Personalities | William Boyce | Late Baroque | Opera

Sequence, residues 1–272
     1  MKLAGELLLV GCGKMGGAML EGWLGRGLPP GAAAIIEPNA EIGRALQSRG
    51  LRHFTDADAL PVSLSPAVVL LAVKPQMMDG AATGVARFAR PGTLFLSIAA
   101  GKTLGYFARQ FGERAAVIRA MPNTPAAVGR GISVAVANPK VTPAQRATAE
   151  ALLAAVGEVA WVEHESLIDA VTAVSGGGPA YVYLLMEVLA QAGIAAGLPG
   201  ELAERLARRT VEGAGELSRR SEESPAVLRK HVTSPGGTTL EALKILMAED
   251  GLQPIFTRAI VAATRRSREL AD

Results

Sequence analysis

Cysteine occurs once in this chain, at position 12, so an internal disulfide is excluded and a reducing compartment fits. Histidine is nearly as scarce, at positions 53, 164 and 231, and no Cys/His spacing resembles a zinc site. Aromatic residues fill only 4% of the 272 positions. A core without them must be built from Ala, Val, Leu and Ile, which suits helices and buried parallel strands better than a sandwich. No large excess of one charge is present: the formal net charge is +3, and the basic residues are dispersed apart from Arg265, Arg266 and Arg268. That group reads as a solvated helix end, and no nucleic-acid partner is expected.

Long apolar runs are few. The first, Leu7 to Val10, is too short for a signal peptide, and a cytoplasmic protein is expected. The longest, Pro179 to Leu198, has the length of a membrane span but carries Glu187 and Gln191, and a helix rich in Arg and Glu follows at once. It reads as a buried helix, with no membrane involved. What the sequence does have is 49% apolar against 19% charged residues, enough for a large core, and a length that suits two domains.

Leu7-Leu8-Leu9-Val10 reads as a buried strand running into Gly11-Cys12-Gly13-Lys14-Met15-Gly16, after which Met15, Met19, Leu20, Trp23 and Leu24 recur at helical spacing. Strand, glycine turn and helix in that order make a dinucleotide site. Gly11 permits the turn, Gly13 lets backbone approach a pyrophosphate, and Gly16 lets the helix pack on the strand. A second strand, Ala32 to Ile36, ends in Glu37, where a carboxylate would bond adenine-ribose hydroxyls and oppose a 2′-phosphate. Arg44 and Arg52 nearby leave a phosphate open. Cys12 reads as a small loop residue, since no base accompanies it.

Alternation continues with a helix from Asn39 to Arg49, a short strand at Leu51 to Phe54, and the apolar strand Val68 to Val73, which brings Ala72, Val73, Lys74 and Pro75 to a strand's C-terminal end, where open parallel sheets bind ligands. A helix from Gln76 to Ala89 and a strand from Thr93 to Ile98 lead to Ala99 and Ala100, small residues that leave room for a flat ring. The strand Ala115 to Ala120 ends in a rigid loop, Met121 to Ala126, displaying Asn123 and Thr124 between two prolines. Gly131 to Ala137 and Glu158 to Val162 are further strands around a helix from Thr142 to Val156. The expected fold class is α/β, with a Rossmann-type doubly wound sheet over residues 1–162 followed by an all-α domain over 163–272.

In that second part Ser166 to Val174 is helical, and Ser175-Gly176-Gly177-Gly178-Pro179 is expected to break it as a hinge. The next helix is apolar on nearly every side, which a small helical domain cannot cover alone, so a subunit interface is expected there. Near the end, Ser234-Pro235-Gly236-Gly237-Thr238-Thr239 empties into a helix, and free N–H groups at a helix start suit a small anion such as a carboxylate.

Boyce trained as a choirboy at St Paul’s Cathedral, and between 1734 and 1768 he held organist posts. He is most regarded for his symphonies, trio sonatas and church anthems. Although the composition of music for the theatre was not a dominant part of his career, Boyce was a skilful composer who was more consistent than Arne and closer to the legacy of Purcell than Handel. His earliest dramatic works were initially conceived as concert works, although The Secular Masque (1746) was performed at Drury Lane in 1750 with contributions by the famous theatre singers Kitty Clive and John Beard, who both sang for Handel. Boyce regularly provided music for the actor David Garrick’s Drury Lane theatre company between 1749 and 1751, including a pastoral masque for Moses Mendez’s The Chaplet (1749) that was his biggest theatrical success. The Rehearsal (1750) was a satire on contemporary opera buffa that featured several fine songs, and Boyce contributed music for Garrick’s production of Romeo and Juliet (1750) that was blatant competition against Arne’s similar production at Covent Garden. Boyce seems to have lost enthusiasm for the theatre during the 1750s, although the song ‘Heart of Oak’ from Garrick’s Harlequin’s Invasion (1759) was a popular hit.
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